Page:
RNZ chairman Richard Griffin says he was told by Clare Curran's office not to comment on her meeting with Carol Hirschfeld less than an hour before the Broadcasting Minister was to be grilled in Parliament over it.
National says that would amount to political interference if true.
Griffin and RNZ chief executive Paul Thompson reappeared at a parliamentary select committee on Thursday to correct the record over comments they made earlier about the nature of the cafe meeting between the Broadcasting Minister and Hirschfeld, RNZ's former head of content.
Hirschfeld's repeated lies to her bosses over how the encounter at Wellington's Astoria cafe transpired resulted in her immediate resignation from the state broadcaster last week.
Griffin told the committee that on March 22, about five minutes before Curran was due in Parliament to answer questions, he received a call from her office.
Griffin said he was "gobsmacked" to receive the call to say the December 5 meeting could come up in the questions.
"The staffer's attitude was 'we will handle this appropriately but we'd like you basically to stay out of it'. I was gobsmacked, quite honestly."
In a timeline provided to the committee, Griffin said: "I was told that, if the matter was raised, the Minister and her staff would be responding as they felt appropriate and that they expected there would be 'no comment' from RNZ".
He told the committee that he heard, for the first time, that there was in fact a diary entry for the meeting and that would be advised to the House but his concern was that he had misled the select committee.
"As far as I'm concerned now, it was not only a formal meeting, it was a contrived meeting."
Curran disputed that, saying she was assured her staff did not say that "they expected there would be no comment from RNZ".
Her staff contacted Radio New Zealand on March 1 and on March 22.
"I'm also assured the office never said to Mr Griffin that we would like RNZ to stay out of it," Curran said.
Her primary concern was, and that of her staff, that RNZ had misled the select committee by repeating claims from Hirschfield that it was a chance meeting.
"My office told RNZ and Mr Griffin that it was a pre-arranged meeting and that is asked I would confirmed that because that was the truth."
National MP Melissa Lee, who has driven the issue of Curran's meeting with Hirschfeld with her questions, told reporters Thursday she would be concerned if there was a suggestion from a minister's office that the chairperson of a board stay out of something that was a matter of public interest.
"I would call that interference. I think it would be inappropriate for a minister to be interfering in that."
At his committee appearance today, Griffin refused to play a voice recording of Curran's call to him last week over the upcoming select committee.
It was reported on Tuesday that Curran had phoned Griffin on March 29 to suggest it would be better for him to write a letter rather than appear in person.
Both Curran and Prime Minister Jacinda Ardern have denied that, saying Curran left a phone message to pass on advice from the Office of the Leader of the House that a letter would be faster to correct the record if Griffin was unable to make it to the select committee in person.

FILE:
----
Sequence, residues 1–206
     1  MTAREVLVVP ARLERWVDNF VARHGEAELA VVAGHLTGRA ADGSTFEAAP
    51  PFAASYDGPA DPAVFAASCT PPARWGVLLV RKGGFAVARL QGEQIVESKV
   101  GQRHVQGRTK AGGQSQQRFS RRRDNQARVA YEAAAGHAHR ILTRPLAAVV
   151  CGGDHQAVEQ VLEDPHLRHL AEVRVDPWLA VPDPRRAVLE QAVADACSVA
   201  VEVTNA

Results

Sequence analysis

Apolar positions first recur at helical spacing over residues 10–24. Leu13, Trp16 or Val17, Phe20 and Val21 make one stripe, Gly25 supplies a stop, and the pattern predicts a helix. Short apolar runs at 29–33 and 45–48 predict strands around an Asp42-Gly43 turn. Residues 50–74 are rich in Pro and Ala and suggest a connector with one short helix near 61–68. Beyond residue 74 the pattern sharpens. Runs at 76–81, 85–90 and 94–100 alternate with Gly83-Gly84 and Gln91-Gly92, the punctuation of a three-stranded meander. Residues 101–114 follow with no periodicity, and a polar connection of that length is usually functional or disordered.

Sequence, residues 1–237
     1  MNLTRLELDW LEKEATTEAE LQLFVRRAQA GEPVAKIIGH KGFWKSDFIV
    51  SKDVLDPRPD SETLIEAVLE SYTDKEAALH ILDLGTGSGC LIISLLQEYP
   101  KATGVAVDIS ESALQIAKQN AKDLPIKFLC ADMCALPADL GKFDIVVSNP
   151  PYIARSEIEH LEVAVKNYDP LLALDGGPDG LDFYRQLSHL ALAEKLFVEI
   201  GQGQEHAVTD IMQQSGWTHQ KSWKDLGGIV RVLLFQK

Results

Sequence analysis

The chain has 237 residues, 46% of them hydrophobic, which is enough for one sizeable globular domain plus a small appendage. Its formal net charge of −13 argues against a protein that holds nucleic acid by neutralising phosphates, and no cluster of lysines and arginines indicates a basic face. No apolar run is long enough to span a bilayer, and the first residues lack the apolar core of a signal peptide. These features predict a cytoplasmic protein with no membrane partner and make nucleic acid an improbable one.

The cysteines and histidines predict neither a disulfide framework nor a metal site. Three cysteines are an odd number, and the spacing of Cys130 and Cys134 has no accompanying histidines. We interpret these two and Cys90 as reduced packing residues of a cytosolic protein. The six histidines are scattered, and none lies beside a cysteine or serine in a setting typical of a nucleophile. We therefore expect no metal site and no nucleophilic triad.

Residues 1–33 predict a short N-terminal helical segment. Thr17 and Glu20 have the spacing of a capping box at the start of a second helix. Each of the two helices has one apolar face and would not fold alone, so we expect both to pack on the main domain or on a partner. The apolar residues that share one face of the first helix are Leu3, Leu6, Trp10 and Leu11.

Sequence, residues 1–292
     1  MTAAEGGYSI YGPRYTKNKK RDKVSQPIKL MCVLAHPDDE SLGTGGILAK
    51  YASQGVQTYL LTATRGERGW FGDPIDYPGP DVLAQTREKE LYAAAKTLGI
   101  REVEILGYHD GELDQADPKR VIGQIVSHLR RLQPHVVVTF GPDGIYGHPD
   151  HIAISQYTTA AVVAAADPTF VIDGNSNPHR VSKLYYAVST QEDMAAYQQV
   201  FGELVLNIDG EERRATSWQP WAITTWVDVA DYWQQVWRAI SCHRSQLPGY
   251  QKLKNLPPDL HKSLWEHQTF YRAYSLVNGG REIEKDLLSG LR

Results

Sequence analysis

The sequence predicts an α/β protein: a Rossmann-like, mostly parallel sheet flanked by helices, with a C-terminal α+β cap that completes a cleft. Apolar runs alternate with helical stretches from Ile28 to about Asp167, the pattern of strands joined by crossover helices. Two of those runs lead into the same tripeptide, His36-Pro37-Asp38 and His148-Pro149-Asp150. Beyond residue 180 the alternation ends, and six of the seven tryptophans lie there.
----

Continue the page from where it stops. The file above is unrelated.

Today Griffin said: "She made it very clear that she wanted me to write a letter to the chair of the select committee to be on his desk before one o'clock that day which would then ensure that there wasn't a public hearing involving either of us."
National MP Paul Goldsmith asked Griffin if he still had the recording and whether he would play it to the select committee.
"No I won't, but I do," Griffin replied.
Asked what he had inferred from the message. Griffin said: "The implication was, as far I was concerned, that it would be far more satisfactory to all concerned if we just put a letter on the table and left it at that."
Lee has requested a copy of the voice message and other communications.
Griffin said he was embarrassed and devastated over what had transpired since he and Thompson had previously appeared before the committee.
"Our support for, and defence of, the parties involved was based on erroneous information. On reflection, the robust nature of certainly my response at the time is now an acute embarrassment, as is our appearance here today."
Hirschfeld had said the meeting was a chance encounter but it was found four months later that the meeting was instigated by Curran and arranged by text between the pair.
Thompson "sincerely apologised" for misleading the committee based on information he had believed to be true.
"The meeting was unfortunate. Any perception of any kind of interference in our integrity is deeply concerning … the fact that we were misled made it doubly a problem."
Thompson said Hirschfeld had given him repeated assurances that the meeting was coincidental, that she and Curran had bumped into each other and talked.
He had asked for details on what was discussed and was told it was around the media sector and RNZ policy.
"And I trusted her word."
Curran was not in Parliament today, having left early today for the Commonwealth Games in Australia.